What To Feed a Constipated Dog

Many of us know how uncomfortable it can be to be constipated. Now, imagine what it must be like for your dog who can't communicate those feelings. If you see your dog straining to produce a bowel movement or experiencing gas or a lack of appetite, he may be constipated. The good news is there are several foods to help get things moving naturally, and all can be easily administered for relief.


Pumpkin and Other Fruits and Vegetables

Pumpkin is not only pleasing to the dog's palate, it can also help with constipation. For this remedy, you will want to add 1 or 2 tablespoons of canned pumpkin puree (not pie filling) to the dog's food for two to three days. Other fruits and vegetables that can be used to get things going include green beans, zucchini, carrots, squash and cauliflower. Fruits and vegetables work to improve the digestive system through the use of fiber and their water content.

Bran and Grains

Whole grains and bran work the same way for dogs as they do for humans. Their powerful fiber punch may be just what your dog needs to defecate properly. You can choose to add a tablespoon of bran to your dog's food or you can choose to add plain cooked oatmeal. If you're using a wet dog food, the bran will easily mix in and go unnoticed. However, if you're using a dry food, you may want to soften the bran in warm water to make it more appetizing.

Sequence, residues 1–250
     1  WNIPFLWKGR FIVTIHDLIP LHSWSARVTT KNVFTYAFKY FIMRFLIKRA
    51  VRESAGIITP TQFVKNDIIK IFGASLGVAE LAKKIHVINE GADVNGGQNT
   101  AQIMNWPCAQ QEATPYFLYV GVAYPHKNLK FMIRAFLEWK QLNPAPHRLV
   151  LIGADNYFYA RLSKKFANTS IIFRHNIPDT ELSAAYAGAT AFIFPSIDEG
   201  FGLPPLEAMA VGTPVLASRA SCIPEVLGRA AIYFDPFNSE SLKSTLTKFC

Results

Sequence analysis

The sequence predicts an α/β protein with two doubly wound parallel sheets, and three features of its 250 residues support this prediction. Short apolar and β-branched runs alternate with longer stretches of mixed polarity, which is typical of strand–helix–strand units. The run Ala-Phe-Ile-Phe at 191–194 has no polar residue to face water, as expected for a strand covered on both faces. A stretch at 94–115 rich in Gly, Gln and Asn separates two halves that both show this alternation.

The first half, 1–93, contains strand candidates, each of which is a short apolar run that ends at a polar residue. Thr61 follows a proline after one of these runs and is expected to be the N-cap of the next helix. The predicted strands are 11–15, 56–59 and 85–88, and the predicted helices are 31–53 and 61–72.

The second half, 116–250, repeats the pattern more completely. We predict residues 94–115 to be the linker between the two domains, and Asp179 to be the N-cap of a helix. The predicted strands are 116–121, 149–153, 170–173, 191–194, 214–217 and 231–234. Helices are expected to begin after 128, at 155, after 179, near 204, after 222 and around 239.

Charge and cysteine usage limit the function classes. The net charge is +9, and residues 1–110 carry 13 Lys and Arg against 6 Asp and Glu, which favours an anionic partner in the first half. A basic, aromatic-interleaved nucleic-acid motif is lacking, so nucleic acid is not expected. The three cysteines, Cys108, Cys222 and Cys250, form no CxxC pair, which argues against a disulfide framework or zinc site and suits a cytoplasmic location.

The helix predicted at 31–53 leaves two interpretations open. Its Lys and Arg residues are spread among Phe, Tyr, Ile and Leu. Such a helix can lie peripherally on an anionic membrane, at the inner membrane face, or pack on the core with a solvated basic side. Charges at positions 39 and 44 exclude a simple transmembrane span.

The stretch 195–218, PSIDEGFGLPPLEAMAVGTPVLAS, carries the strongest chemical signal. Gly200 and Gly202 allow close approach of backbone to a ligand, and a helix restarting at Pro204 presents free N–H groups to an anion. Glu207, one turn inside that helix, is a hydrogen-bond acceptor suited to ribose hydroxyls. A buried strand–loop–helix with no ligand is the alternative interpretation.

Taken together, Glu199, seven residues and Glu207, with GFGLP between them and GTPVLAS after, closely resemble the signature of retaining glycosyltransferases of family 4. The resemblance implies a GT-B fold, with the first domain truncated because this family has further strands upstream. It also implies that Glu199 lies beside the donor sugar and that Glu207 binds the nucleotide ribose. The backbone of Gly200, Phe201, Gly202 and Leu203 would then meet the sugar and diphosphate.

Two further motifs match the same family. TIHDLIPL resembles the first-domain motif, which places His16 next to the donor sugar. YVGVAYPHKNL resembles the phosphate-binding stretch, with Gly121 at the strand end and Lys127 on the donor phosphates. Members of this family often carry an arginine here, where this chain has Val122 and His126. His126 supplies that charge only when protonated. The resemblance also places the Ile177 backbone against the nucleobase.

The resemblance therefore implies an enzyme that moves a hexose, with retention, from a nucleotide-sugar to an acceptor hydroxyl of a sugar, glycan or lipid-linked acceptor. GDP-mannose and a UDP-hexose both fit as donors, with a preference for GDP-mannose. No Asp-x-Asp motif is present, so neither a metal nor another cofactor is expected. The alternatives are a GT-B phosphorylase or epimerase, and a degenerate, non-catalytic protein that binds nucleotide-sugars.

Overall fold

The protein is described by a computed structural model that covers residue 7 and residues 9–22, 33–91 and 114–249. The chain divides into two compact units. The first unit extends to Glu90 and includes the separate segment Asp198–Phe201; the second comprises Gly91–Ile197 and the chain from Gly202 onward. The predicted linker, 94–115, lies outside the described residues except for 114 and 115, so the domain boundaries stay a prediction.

While water isn't a food, it should not be overlooked when trying to treat a dog's constipation. Dehydration is often the cause of constipation, but can easily be remedied by adding water to your dog's dry food or making their drinking water more appealing by adding a few drops of 100 percent apple juice. Ice cubes are also a great way to get your dog to drink more. Dogs love to play with them and they are an excellent way to help keep dogs hydrated in the summer.

Mineral Oil

Mineral oil is another great remedy, but it should only be used in severe cases of constipation and should be used sparingly. It is recommended to give your dog 1 teaspoon per 10 pounds. The oil should be mixed into the food and never placed directly on the tongue. Again, this should be a last resort as mineral oil can prevent the absorption of important nutrients.

By Amy Brantley

About the Author
Amy Brantley has been a writer since 2006, contributing to numerous online publications. She specializes in business, finance, food, decorating and pets.